The first year of the millennium wasn't a kind one for Microsoft, or for the customers who depend on its software. That means virtually all of us, in one way or another.
Microsoft's antitrust cases are still dragging through the court system. The business climate was dismal before Sept. 11; and since then, corporations have cut computer spending even further.
But the most important issue facing Microsoft is that people just don't trust the company or its products. Don't confuse this sentiment with not liking Microsoft -- heck, nobody likes Microsoft. I don't like the phone company, either, but I'm 99.999 percent certain that when I pick up the handset, I'll get a dial tone. I don't feel that way about my computer and most of the software I use, which happens to be from Microsoft.
Hardly a month went by in 2001 without a new horror story about security flaws in Microsoft's software.
Of course, it doesn't matter so much that you and I don't trust Bill Gates & Co. The problem is that the people who run big corporate computer systems don't trust Microsoft. They're the ones who buy PC software by the trainload and use the company's most expensive programs to run their servers, manage their databases, deliver their Web pages and generally conduct their business.
Hardly a month went by in 2001 without a new horror story about security flaws in Microsoft's software. Its Internet Explorer Web browser, Outlook e-mail program and Internet Information Server were hammered by a series of worms and viruses -- including Code Red and Nimda -- that clogged corporate servers and damaged thousands of computers. In November, holes in Microsoft's Passport authentication software left customers' financial information on e-commerce sites open to potential hackers.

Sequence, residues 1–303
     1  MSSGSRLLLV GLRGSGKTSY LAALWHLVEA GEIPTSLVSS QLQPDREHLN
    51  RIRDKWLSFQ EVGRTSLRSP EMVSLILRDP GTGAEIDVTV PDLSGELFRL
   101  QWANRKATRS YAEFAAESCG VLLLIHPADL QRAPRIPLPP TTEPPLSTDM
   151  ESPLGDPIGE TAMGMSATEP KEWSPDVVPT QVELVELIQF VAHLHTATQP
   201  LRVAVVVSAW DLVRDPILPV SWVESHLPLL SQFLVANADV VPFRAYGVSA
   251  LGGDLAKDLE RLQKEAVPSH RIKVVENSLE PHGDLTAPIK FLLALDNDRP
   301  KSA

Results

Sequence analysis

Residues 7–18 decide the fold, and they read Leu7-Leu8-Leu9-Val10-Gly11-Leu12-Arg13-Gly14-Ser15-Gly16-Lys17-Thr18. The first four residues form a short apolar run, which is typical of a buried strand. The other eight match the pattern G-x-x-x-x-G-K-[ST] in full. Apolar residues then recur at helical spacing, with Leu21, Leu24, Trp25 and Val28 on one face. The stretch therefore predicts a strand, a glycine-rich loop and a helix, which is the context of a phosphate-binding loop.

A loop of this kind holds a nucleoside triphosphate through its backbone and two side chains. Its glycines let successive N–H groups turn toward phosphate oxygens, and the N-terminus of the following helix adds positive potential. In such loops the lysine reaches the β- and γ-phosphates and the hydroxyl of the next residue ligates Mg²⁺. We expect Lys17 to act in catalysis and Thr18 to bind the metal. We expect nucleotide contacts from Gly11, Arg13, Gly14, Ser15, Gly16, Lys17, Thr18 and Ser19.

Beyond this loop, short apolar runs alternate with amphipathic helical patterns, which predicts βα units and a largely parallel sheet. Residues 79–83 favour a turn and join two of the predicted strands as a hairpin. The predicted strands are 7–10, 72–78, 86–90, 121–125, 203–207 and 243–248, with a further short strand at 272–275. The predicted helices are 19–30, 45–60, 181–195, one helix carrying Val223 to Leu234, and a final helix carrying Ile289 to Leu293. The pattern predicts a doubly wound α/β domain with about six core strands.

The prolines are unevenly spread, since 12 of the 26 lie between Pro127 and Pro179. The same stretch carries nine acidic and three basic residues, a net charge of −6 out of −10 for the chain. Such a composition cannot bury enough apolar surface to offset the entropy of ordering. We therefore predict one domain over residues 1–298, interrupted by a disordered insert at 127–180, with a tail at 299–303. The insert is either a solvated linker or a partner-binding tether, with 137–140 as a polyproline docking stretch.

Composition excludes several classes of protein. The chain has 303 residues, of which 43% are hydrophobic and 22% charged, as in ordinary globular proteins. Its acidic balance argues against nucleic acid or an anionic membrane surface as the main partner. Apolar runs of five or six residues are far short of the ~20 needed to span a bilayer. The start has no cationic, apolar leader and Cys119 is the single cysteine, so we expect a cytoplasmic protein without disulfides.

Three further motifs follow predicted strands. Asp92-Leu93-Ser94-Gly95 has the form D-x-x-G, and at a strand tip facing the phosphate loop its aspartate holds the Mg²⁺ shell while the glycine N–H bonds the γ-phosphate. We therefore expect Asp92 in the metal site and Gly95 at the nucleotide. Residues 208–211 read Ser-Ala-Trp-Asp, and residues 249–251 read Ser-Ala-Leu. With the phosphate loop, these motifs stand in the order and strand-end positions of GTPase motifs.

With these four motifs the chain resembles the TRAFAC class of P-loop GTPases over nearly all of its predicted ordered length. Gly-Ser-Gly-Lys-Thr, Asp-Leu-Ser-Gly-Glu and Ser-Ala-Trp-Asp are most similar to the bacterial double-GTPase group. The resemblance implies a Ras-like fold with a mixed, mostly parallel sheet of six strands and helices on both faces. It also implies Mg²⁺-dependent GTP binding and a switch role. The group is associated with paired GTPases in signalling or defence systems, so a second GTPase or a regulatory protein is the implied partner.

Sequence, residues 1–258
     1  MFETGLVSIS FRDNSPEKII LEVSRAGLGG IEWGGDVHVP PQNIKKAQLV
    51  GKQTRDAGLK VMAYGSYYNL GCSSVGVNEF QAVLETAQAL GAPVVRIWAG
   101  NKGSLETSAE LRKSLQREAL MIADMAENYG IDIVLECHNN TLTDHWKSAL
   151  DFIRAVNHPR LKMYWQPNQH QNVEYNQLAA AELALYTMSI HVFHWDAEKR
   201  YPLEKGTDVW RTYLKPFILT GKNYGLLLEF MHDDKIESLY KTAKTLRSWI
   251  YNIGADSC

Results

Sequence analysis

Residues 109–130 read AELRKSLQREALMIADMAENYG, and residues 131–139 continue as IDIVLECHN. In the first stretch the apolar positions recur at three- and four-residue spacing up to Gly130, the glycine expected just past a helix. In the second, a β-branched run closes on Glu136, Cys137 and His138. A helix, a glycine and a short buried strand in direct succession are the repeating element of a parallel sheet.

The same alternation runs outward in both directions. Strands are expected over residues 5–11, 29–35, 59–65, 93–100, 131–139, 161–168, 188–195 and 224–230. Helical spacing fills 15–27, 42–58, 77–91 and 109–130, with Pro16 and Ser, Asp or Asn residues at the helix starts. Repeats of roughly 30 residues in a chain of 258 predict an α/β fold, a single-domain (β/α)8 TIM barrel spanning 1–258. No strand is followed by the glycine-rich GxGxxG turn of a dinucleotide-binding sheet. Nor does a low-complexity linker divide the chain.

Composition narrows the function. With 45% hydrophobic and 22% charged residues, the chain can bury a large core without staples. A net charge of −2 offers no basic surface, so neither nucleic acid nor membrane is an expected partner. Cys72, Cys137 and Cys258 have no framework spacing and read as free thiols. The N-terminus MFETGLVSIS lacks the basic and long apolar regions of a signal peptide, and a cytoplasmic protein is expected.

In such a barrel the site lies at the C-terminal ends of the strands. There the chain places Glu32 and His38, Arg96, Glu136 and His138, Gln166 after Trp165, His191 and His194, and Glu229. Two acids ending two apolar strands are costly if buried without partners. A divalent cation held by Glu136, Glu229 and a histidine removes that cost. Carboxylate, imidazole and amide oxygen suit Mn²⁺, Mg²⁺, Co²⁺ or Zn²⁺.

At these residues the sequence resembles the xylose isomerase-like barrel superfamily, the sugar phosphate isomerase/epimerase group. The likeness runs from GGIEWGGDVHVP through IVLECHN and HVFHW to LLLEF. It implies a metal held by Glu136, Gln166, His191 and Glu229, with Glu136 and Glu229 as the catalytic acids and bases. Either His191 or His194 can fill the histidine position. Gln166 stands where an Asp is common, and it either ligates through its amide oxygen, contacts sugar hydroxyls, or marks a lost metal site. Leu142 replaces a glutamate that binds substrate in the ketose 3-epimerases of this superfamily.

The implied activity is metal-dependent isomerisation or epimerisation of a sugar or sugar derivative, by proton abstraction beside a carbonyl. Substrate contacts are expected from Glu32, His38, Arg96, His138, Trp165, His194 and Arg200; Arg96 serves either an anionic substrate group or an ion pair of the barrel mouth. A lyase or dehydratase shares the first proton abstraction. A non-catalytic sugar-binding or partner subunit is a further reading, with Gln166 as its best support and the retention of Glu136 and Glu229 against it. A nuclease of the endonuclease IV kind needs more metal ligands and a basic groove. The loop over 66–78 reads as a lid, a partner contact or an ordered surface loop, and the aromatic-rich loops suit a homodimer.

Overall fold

But the worst news came after the October release of Windows XP, which Microsoft billed as the most secure version of Windows ever. It turned out that XP has a nasty security hole that could allow malicious hackers to take control of any XP machine connected to the Internet. On top of that, the Microsoft server designed to deliver automatic fixes over the Internet went on the blink.
This is not good news for a company whose .NET strategy for controlling a major chunk of Internet e-business depends on users' willingness to trust it with their most important financial information.
The mea culpa came directly from Gates on Jan. 17. In an e-mail to Microsoft's 47,000 employees, he said that henceforth, the company would be dedicated first and foremost to "Trustworthy Computing." By that, he said, he meant software that's reliable, secure and respects users' privacy.
"Today, in the developed world, we do not worry about electricity and water services being available. With telephony, we rely both on its availability and its security for conducting highly confidential business transactions," he wrote. "Computing falls well short of this, ranging from an individual user who isn't willing to add a new application because it might destabilize their system, to a corporation that moves slowly to embrace e-business because today's platforms don't make the grade.